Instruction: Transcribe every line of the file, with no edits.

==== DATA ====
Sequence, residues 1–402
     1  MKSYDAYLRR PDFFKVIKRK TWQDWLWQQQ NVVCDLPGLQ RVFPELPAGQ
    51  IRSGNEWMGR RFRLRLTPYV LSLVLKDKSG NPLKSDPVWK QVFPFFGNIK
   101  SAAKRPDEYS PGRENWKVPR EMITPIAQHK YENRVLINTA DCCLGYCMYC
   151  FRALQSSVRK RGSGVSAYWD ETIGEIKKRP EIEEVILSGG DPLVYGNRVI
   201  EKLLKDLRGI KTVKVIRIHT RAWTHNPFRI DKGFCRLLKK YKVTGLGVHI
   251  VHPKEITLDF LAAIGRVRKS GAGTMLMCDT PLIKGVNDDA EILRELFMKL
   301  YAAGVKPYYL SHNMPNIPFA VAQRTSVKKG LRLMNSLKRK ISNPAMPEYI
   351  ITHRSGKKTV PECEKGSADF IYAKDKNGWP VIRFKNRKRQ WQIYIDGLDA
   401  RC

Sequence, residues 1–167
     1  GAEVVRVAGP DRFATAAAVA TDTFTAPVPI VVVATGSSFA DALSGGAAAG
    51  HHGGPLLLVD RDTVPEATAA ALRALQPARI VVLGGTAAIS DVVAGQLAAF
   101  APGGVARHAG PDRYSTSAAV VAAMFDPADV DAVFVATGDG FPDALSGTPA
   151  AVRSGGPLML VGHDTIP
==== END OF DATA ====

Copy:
Sequence, residues 1–402
     1  MKSYDAYLRR PDFFKVIKRK TWQDWLWQQQ NVVCDLPGLQ RVFPELPAGQ
    51  IRSGNEWMGR RFRLRLTPYV LSLVLKDKSG NPLKSDPVWK QVFPFFGNIK
   101  SAAKRPDEYS PGRENWKVPR EMITPIAQHK YENRVLINTA DCCLGYCMYC
   151  FRALQSSVRK RGSGVSAYWD ETIGEIKKRP EIEEVILSGG DPLVYGNRVI
   201  EKLLKDLRGI KTVKVIRIHT RAWTHNPFRI DKGFCRLLKK YKVTGLGVHI
   251  VHPKEITLDF LAAIGRVRKS GAGTMLMCDT PLIKGVNDDA EILRELFMKL
   301  YAAGVKPYYL SHNMPNIPFA VAQRTSVKKG LRLMNSLKRK ISNPAMPEYI
   351  ITHRSGKKTV PECEKGSADF IYAKDKNGWP VIRFKNRKRQ WQIYIDGLDA
   401  RC

Sequence, residues 1–167
     1  GAEVVRVAGP DRFATAAAVA TDTFTAPVPI VVVATGSSFA DALSGGAAAG
    51  HHGGPLLLVD RDTVPEATAA ALRALQPARI VVLGGTAAIS DVVAGQLAAF
   101  APGGVARHAG PDRYSTSAAV VAAMFDPADV DAVFVATGDG FPDALSGTPA
   151  AVRSGGPLML VGHDTIP